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Sewer leak leaves smelly flood along Atlantic City, Ventnor stretch

A sewer main leak has left a stinky mess and a traffic issue along a stretch between Atlantic City and Ventnor.
The leak has been tracked to a 27-inch force main along Wellington Avenue, said Atlantic County Utilities Authority President Rick Dovey.
The main carries all the wastewater from Longport, Margate and Ventnor to the treatment plant in Atlantic City’s Venice Park, he explained.
Drinking water is not affected.
But because it’s a force main, it can’t be shut off.
To do that, “everybody in Ventnor, Longport and Margate would have to stop taking showers, using their washers and flushing their toilets,” Dovey explained. “That’s not likely to happen.”
Instead, a bypass will be built that will be built so that it will then be hooked up to send the water around the problem main.
During that build — which will take about six or seven days — the sewage will continue to leak, and about four blocks along the stretch of road will flood periodically.
Detours are in place, which were complicated by the heavy rain that added to flooding issues.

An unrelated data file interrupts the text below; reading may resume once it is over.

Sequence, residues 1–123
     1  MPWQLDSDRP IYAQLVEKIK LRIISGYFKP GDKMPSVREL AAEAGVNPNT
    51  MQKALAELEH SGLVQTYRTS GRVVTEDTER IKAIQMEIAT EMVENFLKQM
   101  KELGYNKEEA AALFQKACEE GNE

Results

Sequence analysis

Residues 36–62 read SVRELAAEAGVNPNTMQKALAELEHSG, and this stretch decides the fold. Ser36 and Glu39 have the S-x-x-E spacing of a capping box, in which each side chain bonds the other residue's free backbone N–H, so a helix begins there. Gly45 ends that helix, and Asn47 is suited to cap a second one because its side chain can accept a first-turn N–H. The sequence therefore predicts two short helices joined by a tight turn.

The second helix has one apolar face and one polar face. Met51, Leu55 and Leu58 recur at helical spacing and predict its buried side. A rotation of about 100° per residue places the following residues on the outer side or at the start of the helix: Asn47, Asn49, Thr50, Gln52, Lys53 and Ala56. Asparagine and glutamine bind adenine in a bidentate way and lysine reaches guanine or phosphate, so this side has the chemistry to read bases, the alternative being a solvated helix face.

The Atlantic City side from Chelsea Height was one-way in, with Dorset Avenue in Ventnor being the way out.
Lafayette Utilities, an emergency contract with the ACUA, is working on the problem.
When the workaround is complete, excavation and repair will begin on the problematic pipe, which will take about three weeks.
The Department of Environmental Protection and the Atlantic County Department of Health have been notified.
As the sewage leaks, it will go into the back bay behind Ventnor Heights, which will be tested about every other day over the next several weeks, Dovey said, noting it’s good that it isn’t swimming and boating season.
“Their main concern is the health of shellfish and the impact on that,” he said.
The believed issue point was worked on about 25 years ago, Dovey estimated.
At that time, they did something called slip lining, which puts a new pipe inside the old one.
Although it hasn’t been accessed yet, Dovey said they believe there was failure at that point.
The good news is that the technology that now makes those fusion points is more secure than a quarter-century ago.

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